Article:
Monday, October 25, 2010

Insurrection At Death Frost Doom

Death Frost Doom is a module produced by James Raggi, which was provided for me a little more than a week ago. This is my second review for a work of his. The first was written last week and can be read here.

Unlike that review, some of this writing will include very moderate spoilers, none of which will be genuinely understood by those who have not read or seen the module. However, the gentle reader should be able to obtain a sense for how the module runs, and how I and my party viewed it.

I ran this module, for my party, two days ago on Saturday. The reason I must allow for some spoilers is because my main purpose for writing this review is not only to give my impression of the module, but more specifically the party's impression. From the title of the post, you should be able to guess that the party did not take it well.

I decided to run this module of the other three I had available because a portion of my players characters is at present wandering its way westward through central Europe in late November, so an ice-cold, snowy adventure was in order. In order to 'encourage' my players to actually play the module - it was understood up front that I would be presenting it - I knew that there would have to be a certain degree of railroading the party into playing it. This is definitely not my style. However, it was done lightheartedly, and the players went along with it, with the understanding that this would not be typical.

Without getting at all deep into it, the 'hook' of the module is that there is a crypt/cult temple on top of a mountain that promises treasure. Player involvement is expected to be voluntary ... but for my party I whipped up a great two day blizzard that stranded them at Zeke's cabin, and used elements of the module to compel them to investigate the crypt or else suffer consequences.

The hook is delivered by a hermit Zeke Duncaster, who talks about how evil the crypt is, and how evil the area is around the crypt, and how many people were killed, and how horrific things are up around the cabin up the mountain, and so on. When I read the module, I found all of this terrifically interesting, and my first impressions of the module were very positive. I looked forward to sitting down and playing up the horror, of the various elements that would bring on the creepiness of the adventure. I considered the elements as they were laid out - at least above ground - to be creative, distracting and legitimately profound.

The party, however, did not think so.

When they learned that the hermit had been setting up grave markers for the thousands of dead, and that he'd been doing this for some time, living for decades nearby the site, the party answered, "Well, Zeke seems to have everything under control. Let's get the fuck out of here."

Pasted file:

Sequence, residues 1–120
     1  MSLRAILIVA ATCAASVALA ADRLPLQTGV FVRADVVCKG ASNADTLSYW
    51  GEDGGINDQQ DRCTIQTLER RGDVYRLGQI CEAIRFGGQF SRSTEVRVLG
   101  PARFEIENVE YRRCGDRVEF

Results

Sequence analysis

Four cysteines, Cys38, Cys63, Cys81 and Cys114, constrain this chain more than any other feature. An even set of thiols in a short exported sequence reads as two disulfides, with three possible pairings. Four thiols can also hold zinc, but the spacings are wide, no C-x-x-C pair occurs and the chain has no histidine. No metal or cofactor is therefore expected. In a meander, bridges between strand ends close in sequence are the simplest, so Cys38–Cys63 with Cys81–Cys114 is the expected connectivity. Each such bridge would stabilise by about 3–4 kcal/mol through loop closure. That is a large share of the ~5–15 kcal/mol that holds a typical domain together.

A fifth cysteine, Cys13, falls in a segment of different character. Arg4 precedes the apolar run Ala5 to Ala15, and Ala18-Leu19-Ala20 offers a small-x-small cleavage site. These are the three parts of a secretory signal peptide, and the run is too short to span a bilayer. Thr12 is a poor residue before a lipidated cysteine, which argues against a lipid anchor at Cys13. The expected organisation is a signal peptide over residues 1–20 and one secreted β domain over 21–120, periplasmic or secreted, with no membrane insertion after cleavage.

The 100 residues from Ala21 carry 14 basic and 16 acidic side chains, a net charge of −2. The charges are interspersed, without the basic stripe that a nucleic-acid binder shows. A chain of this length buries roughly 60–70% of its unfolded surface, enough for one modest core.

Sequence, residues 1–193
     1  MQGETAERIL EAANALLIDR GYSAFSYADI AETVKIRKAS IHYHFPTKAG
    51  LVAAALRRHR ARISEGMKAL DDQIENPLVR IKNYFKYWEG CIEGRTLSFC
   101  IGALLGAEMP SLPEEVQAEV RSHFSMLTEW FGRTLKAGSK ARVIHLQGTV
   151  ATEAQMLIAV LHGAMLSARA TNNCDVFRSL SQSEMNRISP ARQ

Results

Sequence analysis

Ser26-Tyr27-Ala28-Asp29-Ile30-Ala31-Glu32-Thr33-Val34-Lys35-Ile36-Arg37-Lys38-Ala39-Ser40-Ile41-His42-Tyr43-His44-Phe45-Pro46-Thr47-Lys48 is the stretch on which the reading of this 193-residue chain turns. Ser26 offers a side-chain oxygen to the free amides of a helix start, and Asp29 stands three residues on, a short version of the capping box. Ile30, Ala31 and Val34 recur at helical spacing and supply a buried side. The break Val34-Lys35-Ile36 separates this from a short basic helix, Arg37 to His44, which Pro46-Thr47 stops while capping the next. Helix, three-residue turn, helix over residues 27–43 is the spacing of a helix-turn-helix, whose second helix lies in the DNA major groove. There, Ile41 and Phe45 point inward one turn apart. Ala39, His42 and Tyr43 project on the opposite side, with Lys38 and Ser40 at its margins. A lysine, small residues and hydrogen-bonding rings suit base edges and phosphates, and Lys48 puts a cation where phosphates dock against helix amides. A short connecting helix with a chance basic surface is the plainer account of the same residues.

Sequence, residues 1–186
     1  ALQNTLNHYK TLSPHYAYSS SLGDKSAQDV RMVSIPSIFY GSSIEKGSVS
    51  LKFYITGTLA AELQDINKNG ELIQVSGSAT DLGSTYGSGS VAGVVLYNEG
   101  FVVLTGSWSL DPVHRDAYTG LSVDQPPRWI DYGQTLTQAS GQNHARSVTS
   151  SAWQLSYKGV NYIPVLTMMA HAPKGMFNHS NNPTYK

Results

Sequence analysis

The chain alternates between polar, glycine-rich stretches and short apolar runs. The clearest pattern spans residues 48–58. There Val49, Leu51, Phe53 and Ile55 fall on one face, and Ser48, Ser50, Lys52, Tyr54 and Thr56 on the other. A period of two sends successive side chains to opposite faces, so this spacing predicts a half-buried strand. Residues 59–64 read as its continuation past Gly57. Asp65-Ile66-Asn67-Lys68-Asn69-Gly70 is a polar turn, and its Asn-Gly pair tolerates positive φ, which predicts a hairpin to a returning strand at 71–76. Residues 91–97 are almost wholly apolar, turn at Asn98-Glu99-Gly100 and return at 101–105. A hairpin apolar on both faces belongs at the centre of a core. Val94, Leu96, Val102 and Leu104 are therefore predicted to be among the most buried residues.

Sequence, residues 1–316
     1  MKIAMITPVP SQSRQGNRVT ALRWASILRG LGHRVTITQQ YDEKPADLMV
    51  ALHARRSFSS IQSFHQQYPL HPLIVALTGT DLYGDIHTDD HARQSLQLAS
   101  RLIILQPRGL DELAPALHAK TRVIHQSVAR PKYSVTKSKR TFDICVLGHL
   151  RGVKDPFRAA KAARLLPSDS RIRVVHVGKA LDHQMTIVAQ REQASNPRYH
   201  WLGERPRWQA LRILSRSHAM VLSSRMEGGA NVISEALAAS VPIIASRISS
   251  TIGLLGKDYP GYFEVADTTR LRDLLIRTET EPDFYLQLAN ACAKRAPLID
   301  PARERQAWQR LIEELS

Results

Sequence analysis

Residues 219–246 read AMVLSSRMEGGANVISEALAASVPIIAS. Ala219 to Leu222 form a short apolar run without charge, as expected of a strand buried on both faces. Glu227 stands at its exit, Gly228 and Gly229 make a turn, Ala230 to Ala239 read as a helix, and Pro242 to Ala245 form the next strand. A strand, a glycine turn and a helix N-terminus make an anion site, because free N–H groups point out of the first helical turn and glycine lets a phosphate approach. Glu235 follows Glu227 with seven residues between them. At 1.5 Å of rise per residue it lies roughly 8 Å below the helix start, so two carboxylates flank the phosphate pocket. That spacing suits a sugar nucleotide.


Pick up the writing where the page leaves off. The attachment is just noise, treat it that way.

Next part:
They wanted nothing to do with the site, with its treasure, or with any investigations thereof. It seemed like the stupidest idea in the world to go anywhere near the place, and they only did because I railroaded them. In any ordinary circumstance they would have moved on. But they doggedly turned to invest themselves in the module, without much complaining.

We talked it over at that point and the party's sentiments was that the horror played for the module was thing upon thing upon thing - to the point of stupidity. The party explained that they were not stupid teenagers in a slasher flick, but rather people who actually appreciated their lives and were smart enough to stay the fuck away from a place like that. "Why don't we just go to the next big city, tell a bunch of high level clerics that this thing is here and have them fix it?"

Which is, as I said in my previous review, the equivalent of pulling off the planet and nuking the place from orbit. As I encouraged them to go ahead anyway, they wanted to know, "If it is inside the borders of a powerful empire (and it is), then how is it our problem?"

Thus, the railroading.

Arriving on site with the initial part of the adventure, that which happens above ground, I discovered problem #2 with the module.

Virtually all of it is fiddling-dependent. By that, I mean that the description for virtually everything the players encounter depends upon player-motivated interaction. The module spends pages describing all these things, mostly saying, "If the players ..." do or touch or move or sleep or rest or try or whatever else. Here's the clock, here's the book, here's the tree, here's the well, here's the cabin, here's the painting, and if the players play with the stuff, it does this or that or the other thing.

Problem is, if the players don't do a goddamn thing, because their mammas didn't raise no stupid children, it takes about thirty fucking minutes to go through the entire first part of the adventure. And most of that is me reading descriptions. Describing the clock and describing the tree and describing the well and the cabin and what the hell else, while the players went "That's interesting." and then walked away without doing anything. I could talk about all the things they didn't do, but that would spoilers throughout ... what I can say is that if the players don't fiddle with all the interesting compelling features in the adventure, NOTHING HAPPENS.